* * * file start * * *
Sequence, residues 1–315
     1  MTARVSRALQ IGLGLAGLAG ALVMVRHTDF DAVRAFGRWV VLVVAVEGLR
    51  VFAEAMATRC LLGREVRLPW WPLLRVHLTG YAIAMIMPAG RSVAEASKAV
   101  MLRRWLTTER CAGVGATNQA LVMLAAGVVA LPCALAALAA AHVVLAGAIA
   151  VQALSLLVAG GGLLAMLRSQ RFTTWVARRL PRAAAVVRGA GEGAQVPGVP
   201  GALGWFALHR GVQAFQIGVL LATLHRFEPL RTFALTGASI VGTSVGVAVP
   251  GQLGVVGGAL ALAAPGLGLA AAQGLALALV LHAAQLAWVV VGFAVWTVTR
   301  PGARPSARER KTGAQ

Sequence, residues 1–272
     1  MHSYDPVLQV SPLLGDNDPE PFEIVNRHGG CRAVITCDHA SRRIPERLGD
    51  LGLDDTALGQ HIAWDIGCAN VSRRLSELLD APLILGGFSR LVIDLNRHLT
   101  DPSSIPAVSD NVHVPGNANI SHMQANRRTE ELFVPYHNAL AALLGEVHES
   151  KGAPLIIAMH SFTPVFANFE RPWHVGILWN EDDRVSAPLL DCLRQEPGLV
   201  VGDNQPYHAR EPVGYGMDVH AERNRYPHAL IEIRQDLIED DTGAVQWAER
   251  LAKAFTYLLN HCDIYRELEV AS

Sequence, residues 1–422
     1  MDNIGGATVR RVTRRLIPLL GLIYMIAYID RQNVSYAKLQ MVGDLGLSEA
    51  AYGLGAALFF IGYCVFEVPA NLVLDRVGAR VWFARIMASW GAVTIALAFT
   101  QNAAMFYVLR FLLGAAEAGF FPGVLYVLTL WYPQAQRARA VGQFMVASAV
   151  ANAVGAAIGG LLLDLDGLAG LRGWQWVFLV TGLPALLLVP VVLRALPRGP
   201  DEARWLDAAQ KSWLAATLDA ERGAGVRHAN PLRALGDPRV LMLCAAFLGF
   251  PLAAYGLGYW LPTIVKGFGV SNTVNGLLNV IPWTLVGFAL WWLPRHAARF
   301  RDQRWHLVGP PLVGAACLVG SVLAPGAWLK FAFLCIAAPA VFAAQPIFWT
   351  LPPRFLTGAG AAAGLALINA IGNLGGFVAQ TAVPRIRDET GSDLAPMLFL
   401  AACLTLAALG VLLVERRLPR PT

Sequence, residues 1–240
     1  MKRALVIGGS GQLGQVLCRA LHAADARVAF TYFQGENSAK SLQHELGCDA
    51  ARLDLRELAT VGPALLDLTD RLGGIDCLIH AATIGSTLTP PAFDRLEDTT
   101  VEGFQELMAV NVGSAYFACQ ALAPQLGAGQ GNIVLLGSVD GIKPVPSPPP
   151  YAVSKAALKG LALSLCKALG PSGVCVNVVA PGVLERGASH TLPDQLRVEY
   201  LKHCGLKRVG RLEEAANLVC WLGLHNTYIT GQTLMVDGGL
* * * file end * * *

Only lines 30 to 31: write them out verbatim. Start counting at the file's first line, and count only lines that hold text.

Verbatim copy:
   151  YAVSKAALKG LALSLCKALG PSGVCVNVVA PGVLERGASH TLPDQLRVEY
   201  LKHCGLKRVG RLEEAANLVC WLGLHNTYIT GQTLMVDGGL